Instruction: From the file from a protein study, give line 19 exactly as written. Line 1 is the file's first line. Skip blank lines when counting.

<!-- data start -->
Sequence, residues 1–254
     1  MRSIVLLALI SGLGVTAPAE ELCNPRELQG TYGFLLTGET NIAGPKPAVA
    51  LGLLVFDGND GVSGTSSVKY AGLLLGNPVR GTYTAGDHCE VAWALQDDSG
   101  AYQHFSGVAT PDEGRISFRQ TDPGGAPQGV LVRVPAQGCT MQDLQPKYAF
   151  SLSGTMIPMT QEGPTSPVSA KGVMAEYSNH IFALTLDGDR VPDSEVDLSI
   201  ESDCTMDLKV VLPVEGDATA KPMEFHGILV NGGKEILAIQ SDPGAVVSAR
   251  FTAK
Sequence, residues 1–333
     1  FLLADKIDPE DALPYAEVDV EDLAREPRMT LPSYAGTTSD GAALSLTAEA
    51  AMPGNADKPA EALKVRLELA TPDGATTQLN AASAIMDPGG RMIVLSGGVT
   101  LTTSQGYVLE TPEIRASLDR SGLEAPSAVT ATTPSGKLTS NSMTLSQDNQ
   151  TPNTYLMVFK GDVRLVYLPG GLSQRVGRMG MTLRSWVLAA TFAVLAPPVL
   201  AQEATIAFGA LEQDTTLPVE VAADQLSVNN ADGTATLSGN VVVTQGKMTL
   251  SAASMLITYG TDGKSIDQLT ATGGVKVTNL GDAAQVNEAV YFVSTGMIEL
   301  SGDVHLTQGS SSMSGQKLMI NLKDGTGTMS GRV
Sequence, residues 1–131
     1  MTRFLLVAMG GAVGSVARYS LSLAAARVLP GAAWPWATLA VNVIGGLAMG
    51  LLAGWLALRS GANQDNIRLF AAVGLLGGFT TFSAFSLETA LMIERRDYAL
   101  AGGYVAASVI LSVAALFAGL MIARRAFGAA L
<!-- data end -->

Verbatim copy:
   101  AGGYVAASVI LSVAALFAGL MIARRAFGAA L